Lufthansa's Supervisory Board has refused to accept a recently agreed EUR9 billion euro (USD9.9 billion) bailout adding that it would not convene a necessary Extraordinary General Meeting of shareholders due to concerns over the European Union's demand for the release of slots.

"The Supervisory Board has taken note of the conditions currently indicated by the EU Commission. They would lead to a weakening of the hub function at Lufthansa's home airports in Frankfurt Int'l and Munich. The resulting economic impact on the company and the planned repayment of the stabilization measures, as well as possible alternative scenarios, must be analyzed intensively," the board said in a brief press release.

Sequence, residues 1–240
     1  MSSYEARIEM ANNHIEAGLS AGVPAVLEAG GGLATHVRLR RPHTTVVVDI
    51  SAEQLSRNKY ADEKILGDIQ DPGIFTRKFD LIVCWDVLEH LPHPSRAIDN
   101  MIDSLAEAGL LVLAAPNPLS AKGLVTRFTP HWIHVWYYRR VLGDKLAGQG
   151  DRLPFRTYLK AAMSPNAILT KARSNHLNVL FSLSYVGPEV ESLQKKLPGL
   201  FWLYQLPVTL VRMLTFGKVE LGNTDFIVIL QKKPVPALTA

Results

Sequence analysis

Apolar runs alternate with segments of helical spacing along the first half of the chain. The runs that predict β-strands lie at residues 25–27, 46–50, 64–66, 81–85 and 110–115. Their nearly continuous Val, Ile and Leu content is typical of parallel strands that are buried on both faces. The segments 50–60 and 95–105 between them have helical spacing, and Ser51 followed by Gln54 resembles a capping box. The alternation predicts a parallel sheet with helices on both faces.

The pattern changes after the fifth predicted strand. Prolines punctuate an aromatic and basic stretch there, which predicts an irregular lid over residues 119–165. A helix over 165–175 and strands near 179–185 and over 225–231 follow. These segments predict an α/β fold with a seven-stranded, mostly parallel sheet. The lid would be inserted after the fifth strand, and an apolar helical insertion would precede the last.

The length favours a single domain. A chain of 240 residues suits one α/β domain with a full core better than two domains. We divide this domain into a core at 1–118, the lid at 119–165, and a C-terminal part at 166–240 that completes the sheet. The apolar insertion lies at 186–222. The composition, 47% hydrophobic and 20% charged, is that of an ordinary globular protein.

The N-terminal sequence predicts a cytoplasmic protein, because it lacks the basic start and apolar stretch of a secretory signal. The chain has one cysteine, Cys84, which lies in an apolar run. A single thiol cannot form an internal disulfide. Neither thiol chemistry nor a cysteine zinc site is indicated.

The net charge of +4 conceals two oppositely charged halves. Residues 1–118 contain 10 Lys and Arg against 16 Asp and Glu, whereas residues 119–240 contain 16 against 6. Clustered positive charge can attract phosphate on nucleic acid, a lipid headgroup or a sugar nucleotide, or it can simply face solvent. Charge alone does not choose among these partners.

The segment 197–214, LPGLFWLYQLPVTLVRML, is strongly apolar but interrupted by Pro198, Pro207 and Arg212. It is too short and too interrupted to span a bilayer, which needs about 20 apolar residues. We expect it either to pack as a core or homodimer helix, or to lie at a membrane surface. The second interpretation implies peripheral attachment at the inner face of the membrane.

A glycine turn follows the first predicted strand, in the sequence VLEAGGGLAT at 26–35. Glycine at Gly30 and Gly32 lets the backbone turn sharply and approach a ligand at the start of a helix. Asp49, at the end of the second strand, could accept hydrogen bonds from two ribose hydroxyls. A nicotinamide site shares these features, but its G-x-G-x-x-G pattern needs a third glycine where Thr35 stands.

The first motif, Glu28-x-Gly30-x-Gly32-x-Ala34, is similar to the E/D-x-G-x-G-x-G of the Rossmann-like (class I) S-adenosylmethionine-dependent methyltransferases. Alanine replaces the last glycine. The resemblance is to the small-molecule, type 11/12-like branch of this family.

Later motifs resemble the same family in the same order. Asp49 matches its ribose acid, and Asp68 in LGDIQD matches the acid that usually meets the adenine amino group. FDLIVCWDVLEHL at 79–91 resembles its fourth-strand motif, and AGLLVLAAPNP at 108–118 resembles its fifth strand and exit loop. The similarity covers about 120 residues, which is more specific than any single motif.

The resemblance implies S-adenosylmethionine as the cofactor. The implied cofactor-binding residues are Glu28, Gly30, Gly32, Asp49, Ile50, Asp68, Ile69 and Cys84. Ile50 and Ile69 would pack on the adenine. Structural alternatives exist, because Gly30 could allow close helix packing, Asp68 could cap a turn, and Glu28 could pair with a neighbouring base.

The board underlined that it continues to see the bailout as the "only viable alternative for maintaining solvency".

The bailout package consisting of EUR5.7 billion (USD6.3 billion) in repayable fresh equity, EUR300 million (USD330 million) in equity converted into a 20% stake, and EUR3 billion (USD3.3 billion) in loans, was approved by the German government on Monday. It has yet to be approved not only by the board and shareholders of Lufthansa but also by the European Commission, which is the highest antitrust authority in the EU.

Bloomberg reported earlier, citing unofficial sources, that the European Commission would likely demand that Lufthansa vacates some of its slots at Frankfurt and Munich airport in return for the aid. The Commission has yet to take a formal stand regarding the transaction.